Do you feel disconnected from the joy of the holiday season? Maybe you didn't grow up celebrating Christmas, Hanukkah or any other winter holiday. Worry not, there is another holiday option: Festivus, the celebration for "the rest of us."
What is Festivus?
Festivus comes from the hit '90s sitcom Seinfeld. In an episode titled "The Strike," which first aired on NBC on Dec. 18, 1997, George Costanza's family celebrates Festivus as an alternative to Christmas.
When does Festivus occur?
In Seinfeld, Festivus took place on Dec. 23. However, people have been celebrating the holiday all through the month of December since the episode's airing.
What inspired Festivus?
Festivus was the brainchild of Seinfeld writer Dan O'Keefe, whose father invented a similar holiday including an Airing of Grievances and wrestling match in real life. One tradition that didn't make it to the episode however was O'Keefe's father putting a clock in a bag and nailing it to a wall.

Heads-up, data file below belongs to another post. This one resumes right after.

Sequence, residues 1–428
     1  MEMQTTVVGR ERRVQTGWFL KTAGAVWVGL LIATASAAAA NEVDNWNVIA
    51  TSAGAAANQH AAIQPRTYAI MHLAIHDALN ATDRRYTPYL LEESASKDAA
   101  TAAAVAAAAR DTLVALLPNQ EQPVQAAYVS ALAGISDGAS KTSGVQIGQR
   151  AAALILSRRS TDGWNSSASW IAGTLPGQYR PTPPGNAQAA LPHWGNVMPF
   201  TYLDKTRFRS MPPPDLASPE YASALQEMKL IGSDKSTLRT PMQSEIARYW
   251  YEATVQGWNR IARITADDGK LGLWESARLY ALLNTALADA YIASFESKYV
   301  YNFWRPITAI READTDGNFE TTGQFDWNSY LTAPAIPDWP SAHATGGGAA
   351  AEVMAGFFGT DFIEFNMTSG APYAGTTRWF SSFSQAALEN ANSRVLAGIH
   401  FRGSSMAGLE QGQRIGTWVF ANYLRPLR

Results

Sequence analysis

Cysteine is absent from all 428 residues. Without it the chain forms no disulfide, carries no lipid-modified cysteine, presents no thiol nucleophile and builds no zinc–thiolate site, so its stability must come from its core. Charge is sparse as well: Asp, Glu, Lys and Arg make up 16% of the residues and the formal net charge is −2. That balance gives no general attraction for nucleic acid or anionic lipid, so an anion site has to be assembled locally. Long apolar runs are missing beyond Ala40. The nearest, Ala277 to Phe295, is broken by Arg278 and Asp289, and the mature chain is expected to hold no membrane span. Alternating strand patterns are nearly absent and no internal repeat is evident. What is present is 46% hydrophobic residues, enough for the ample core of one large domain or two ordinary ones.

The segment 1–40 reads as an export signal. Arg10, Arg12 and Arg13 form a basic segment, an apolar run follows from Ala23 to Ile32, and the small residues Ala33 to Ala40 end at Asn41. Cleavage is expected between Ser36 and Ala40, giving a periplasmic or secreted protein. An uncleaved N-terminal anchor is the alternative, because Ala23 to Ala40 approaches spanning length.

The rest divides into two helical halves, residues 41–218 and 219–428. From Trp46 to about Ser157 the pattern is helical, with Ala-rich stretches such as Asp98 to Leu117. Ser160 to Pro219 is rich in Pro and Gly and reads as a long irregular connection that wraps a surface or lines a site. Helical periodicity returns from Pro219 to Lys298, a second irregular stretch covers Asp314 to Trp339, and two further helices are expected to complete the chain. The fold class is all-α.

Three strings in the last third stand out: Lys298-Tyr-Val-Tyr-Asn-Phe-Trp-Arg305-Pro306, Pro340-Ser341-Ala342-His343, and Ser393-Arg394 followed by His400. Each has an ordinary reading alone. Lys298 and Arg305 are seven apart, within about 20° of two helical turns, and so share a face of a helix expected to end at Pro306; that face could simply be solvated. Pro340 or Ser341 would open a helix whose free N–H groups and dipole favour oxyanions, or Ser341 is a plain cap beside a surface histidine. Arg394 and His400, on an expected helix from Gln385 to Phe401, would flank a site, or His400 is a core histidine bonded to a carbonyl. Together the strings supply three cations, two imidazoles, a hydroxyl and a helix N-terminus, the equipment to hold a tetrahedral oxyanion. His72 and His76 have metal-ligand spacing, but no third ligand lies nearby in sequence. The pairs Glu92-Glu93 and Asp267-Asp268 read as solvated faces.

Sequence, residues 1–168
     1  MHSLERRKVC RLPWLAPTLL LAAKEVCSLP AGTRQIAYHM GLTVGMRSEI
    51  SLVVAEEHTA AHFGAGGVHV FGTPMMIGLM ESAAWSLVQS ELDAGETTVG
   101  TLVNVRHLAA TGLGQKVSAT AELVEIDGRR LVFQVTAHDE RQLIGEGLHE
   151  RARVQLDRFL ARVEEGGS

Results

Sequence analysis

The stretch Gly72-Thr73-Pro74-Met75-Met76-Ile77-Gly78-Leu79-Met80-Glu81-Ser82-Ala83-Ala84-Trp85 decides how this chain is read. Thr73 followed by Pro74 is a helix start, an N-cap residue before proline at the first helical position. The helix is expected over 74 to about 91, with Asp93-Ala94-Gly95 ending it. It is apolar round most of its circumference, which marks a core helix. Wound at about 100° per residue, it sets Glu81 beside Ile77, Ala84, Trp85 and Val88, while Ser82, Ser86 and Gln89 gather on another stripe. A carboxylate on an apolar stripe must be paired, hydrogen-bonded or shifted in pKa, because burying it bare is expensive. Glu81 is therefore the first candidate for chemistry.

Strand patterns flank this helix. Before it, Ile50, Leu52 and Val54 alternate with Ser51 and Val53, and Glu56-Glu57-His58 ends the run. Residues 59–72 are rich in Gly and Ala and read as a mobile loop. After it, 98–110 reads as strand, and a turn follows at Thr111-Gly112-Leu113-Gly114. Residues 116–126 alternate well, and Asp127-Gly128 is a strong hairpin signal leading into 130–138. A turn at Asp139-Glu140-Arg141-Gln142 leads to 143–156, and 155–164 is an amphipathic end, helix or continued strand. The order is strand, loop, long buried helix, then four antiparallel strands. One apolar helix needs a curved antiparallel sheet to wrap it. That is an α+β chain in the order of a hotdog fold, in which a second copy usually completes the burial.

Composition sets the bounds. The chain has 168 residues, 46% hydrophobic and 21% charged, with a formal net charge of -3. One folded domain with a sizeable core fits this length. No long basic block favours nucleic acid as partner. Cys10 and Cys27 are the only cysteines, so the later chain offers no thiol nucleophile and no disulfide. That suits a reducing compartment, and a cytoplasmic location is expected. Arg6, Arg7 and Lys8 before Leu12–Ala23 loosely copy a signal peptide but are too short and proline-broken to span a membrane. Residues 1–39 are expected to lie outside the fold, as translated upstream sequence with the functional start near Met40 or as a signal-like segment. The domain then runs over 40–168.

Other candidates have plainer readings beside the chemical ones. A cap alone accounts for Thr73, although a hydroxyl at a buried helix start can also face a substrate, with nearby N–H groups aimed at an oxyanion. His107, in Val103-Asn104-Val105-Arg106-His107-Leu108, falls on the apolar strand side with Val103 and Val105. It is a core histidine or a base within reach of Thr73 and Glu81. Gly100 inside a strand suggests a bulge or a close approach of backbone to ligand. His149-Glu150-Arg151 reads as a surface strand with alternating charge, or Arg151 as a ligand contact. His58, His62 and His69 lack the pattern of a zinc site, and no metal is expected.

What are the traditions of Festivus?
One of the most important traditions of Festivus is the Airing of Grievances, where families and friends have an opportunity to tell each other how they were disappointed by that person in the past year.
A Festivus dinner is shared before the Feats of Strength competition takes place, where the head of the household must be pinned in a wrestling match beneath the Festivus pole.
What is served at a Festivus dinner?
Spaghetti or meatloaf were both commonly accepted as the proper Festivus dish because it was difficult to distinguish what exactly Estelle Costanza served in the dinner scene. Thanks to the HD release of the episode, the dish has been positively identified as meatloaf served on a bed of lettuce. However, the O'Keefe family ate turkey or ham with dessert of a cake decorated with M&Ms. Many fans of the show choose to eat foods that were commonly featured throughout the run of Seinfeld, like poppyseed bagels or black and white cookies.
How many people celebrate Festivus?
While exact numbers are unclear, Festivus has grown in popularity over the years, with people celebrating it as a way to reminisce about Seinfeld or as a tongue-in-cheek protest to the commercialism of the holidays.